Second, most boards do not put strong restrictions on the ability of top executives to tap into their equity-based compensation through exercising options, selling shares, and using derivatives to hedge their positions.

Third, most options have been issued with an exercise price equal to the then-current stock price. While such option grants can have a large expected economic cost, companies do not need to record such option grants as expenses on their income statements under existing accounting rules. Because the options do not appear as an income statement expense, it is likely that some (or many) boards of directors undervalue the true economic cost of issuing those options.

Kaplan and Holmstrom acknowledge that the magnitude of some of the option grants has been far greater than necessary to retain and motivate CEOs. In 2001, the top ten executives in the S&P 500 were granted option packages with an estimated value of over $170 million each.

Even if some of these packages represent multiyear awards, the amounts are staggering. The authors find it particularly disconcerting that among those receiving the largest grants over the past three years, many were large owners, such as Larry Ellison of Oracle, Tom Siebel of Siebel Systems, and Steve Jobs of Apple-individuals unlikely to need extra strong incentives.

Despite enormous pressure on management to keep stock prices high, the number of companies that broke the law in an egregious way was small.

However, major changes have been put forth to prevent further corporate fraud. The Sarbanes-Oxley Act, passed in the summer of 2002, mandated a number of changes in corporate governance for publicly-listed companies. There are now more detailed requirements for auditors and rules that affect compensation, among other changes.
The level of government involvement in correcting corporate wrongdoing is a subject of much debate.

"The jury is still out on the pluses and minuses of the Sarbanes-Oxley Act in the long term," says Kaplan. "There is no doubt, however, that complying with the Act in the near term will impose large one-time costs to public companies."

The NYSE and NASDAQ also have mandated corporate governance changes for firms listed on their respective exchanges. The authors suggest that boards will likely provide better oversight and will structure executive compensation contracts more effectively in the future. These changes reflect normal market responses that, overall, are likely to make a good U.S. corporate governance system a better one.

Dangers of Over-Regulation

"The current 'problems' arose in an exceptional environment and are not likely to happen again soon," write Kaplan and Holmstrom. "That doesn't mean the perpetrators shouldn't be punished or that the system can't be improved."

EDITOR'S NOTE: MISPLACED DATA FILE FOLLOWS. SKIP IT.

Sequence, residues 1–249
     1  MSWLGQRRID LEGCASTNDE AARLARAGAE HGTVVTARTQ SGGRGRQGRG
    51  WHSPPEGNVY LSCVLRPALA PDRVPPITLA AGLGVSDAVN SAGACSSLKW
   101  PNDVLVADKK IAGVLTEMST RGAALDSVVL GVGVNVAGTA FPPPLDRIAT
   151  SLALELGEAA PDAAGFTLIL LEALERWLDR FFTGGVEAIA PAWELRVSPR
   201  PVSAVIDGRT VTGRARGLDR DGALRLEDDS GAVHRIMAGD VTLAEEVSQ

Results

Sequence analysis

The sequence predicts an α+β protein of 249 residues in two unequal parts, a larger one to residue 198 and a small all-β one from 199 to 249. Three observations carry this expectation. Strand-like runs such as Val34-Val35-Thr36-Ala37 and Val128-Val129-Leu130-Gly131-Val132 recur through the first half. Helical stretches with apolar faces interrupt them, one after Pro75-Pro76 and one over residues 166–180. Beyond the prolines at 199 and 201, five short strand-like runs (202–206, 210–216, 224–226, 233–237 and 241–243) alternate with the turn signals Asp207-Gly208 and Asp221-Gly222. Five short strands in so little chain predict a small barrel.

The fact that the public and the political system were outraged and became involved does not mean the system was poorly designed from the start. The public and the politicians are part of the broader system of corporate governance meant to take care of extreme events.

"The media reaction and scrutiny is actually a very good part of our system," says Kaplan. "When people misbehave, the spotlight shines brightly on them."

However, with public and political oversight comes the danger of over-regulation. The Sarbanes-Oxley Act in particular has the short-term effect of increasing fixed costs for all companies, whether or not they have committed accounting fraud. While Sarbanes-Oxley creates incentives against fraud, it also has the potential to increase litigation and reduce investment in productive activity. For companies already following the rules, the result may be substantial amounts of time and money being spent on paperwork.

The authors argue that excessive regulation fosters conservatism and suppresses experimentation. Managers will be less likely to innovate if they worry that they will be sued or imprisoned if the innovation simply fails and the company subsequently reports the poor performance.

According to the authors, "We need more organizational experimentation than ever right now. New business models and new organizational structures are essential for taking full advantage of new information and communication technologies. Enron's business model was an experiment that failed. We should learn from the failure, not by withdrawing into a shell, but rather by improving control structures and corporate governance in a way that allows continued experimentation and occasional failures."

While the Enron scandal represented a severe breakdown in corporate governance, it is even more alarming to create a system that makes all future organizational experiments and failures impossible. The public and the government play important supervisory roles in the overall U.S. corporate governance system and must be given room to do their jobs.

Steven N. Kaplan is Neubauer Family Professor of Entrepreneurship and Finance at the University of Chicago Graduate School of Business.